Disclosures JM has done consultancy work for Boehringer Ingelheim. KH has no disclosures.
Potential impact of new oral anticoagulants on the management of atrial fibrillation-related stroke in primary care
Article first published online: 28 APR 2013
© 2013 John Wiley & Sons Ltd
International Journal of Clinical Practice
Volume 67, Issue 7, pages 647–655, July 2013
How to Cite
Harris, K. and Mant, J. (2013), Potential impact of new oral anticoagulants on the management of atrial fibrillation-related stroke in primary care. International Journal of Clinical Practice, 67: 647–655. doi: 10.1111/ijcp.12177
- Issue published online: 13 JUN 2013
- Article first published online: 28 APR 2013
- Manuscript Accepted: 22 MAR 2013
- Manuscript Received: 2 OCT 2012
- Bayer HealthCare Pharmaceuticals and Janssen Scientific Affairs, LLC
Anticoagulant prophylaxis with vitamin K antagonists (such as warfarin) is effective in reducing the risk of stroke in patients with atrial fibrillation (AF). New oral anticoagulants have emerged as potential alternatives to traditional oral agents. The purpose of this review was to summarise the effectiveness and safety of rivaroxaban, dabigatran and apixaban in stroke prevention in patients with AF in phase III trials, evaluate their cost-effectiveness and consider the implications for primary care.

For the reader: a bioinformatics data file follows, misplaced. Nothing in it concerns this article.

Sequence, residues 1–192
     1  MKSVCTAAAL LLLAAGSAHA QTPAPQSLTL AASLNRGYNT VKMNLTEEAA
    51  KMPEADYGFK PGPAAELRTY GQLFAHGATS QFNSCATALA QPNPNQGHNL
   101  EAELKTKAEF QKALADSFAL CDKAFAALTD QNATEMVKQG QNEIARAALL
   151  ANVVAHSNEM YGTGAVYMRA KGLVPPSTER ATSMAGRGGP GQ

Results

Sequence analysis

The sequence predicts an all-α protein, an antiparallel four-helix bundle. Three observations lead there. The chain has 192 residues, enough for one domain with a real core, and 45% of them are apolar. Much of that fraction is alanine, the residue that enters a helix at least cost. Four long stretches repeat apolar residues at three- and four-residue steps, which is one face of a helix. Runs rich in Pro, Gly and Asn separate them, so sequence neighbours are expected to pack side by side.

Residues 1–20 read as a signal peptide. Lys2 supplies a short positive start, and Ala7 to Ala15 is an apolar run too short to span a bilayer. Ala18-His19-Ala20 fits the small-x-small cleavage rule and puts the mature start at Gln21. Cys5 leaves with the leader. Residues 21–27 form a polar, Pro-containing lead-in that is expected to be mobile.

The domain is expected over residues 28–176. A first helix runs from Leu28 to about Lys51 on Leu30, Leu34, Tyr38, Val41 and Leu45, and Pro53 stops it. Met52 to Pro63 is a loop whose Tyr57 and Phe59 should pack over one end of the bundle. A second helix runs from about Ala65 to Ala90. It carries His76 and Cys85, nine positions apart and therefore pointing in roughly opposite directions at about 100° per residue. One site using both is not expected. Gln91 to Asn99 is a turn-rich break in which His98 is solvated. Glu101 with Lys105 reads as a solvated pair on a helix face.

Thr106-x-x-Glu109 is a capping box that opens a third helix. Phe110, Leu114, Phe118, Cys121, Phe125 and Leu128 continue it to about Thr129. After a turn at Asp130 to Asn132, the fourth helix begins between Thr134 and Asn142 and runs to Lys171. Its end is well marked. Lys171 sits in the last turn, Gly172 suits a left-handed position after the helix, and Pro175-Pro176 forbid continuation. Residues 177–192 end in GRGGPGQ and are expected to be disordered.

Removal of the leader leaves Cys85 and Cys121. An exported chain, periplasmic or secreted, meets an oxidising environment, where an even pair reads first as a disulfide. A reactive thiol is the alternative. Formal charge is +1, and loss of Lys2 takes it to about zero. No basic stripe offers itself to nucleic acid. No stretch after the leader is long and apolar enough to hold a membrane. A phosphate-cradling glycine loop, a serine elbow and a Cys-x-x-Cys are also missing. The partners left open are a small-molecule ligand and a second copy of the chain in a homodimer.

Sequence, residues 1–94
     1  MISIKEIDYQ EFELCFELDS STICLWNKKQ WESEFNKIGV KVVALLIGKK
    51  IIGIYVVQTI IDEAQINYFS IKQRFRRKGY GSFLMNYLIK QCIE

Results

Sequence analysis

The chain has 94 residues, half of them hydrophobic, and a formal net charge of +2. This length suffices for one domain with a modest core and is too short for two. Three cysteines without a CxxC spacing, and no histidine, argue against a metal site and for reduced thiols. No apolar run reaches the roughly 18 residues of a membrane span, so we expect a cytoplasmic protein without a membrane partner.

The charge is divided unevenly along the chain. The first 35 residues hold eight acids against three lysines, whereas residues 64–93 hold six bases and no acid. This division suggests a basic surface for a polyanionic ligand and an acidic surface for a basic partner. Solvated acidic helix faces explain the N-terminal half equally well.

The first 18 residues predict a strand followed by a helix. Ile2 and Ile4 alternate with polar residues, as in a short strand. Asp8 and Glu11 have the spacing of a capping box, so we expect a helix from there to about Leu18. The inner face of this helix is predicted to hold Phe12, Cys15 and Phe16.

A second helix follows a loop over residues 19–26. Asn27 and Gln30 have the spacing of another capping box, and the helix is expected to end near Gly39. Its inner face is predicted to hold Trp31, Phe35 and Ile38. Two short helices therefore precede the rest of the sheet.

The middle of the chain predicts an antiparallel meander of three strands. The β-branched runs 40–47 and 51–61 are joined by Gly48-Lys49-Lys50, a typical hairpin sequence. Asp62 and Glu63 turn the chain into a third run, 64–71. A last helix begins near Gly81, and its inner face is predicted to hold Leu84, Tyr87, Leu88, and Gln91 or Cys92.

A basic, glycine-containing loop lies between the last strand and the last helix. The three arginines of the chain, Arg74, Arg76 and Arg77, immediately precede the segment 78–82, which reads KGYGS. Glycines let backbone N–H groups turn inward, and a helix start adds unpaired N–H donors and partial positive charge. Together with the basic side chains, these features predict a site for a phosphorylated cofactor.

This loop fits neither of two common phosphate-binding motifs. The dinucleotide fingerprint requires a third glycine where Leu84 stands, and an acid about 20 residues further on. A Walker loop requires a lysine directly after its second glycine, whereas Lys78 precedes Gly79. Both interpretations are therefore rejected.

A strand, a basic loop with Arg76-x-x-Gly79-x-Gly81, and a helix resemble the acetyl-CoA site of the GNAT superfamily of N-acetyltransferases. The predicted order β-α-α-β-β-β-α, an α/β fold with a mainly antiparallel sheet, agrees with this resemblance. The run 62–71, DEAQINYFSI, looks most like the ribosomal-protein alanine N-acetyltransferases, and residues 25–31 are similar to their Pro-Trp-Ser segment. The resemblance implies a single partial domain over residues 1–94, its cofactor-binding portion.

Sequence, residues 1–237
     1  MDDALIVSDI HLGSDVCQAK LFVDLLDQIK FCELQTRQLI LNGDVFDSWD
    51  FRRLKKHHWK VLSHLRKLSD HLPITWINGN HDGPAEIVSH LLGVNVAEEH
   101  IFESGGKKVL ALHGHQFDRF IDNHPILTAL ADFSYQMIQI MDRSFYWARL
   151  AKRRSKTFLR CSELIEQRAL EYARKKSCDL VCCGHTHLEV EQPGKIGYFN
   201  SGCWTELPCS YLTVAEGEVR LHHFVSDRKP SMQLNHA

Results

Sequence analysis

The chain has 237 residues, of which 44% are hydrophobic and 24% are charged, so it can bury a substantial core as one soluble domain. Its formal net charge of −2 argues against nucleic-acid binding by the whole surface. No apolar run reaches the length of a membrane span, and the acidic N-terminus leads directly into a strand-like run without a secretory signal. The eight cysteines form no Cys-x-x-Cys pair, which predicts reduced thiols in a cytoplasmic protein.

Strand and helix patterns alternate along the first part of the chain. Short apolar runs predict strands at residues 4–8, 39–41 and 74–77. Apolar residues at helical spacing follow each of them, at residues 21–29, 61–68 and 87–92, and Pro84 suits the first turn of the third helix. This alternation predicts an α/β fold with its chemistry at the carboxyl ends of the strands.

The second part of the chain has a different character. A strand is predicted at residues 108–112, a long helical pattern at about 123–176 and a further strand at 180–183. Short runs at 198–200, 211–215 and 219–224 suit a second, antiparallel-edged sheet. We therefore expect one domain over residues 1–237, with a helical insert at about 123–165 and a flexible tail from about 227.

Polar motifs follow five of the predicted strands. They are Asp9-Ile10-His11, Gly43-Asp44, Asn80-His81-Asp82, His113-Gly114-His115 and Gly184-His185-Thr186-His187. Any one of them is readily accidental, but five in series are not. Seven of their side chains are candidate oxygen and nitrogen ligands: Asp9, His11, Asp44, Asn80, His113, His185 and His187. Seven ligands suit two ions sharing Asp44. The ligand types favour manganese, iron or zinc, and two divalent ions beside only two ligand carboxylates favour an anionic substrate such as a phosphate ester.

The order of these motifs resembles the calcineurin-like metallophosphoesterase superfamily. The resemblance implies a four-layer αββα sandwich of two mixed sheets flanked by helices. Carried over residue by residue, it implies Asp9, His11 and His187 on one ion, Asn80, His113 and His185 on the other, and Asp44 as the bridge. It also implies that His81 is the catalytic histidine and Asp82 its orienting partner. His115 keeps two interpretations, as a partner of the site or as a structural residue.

A literature search was performed between 2007 and 2012, selecting all phase III trials (ROCKET AF, RE-LY and ARISTOTLE) of new oral anticoagulants and relevant cost–benefit studies.
Evidence shows that all three agents are at least as effective as warfarin in the prevention of stroke and systemic emboli, with similar safety profiles. Cost–benefit studies of rivaroxaban and dabigatran further confirm their potential use as alternatives to warfarin in clinical practice. These observations may allow stratification of the general practice AF population, to help prioritise which patients may benefit from receiving a new oral anticoagulant.
The clinical and economic benefits of the new oral anticoagulants, along with appropriate risk stratification, may enable a higher number of patients with AF to receive effective and convenient prophylaxis for stroke prevention.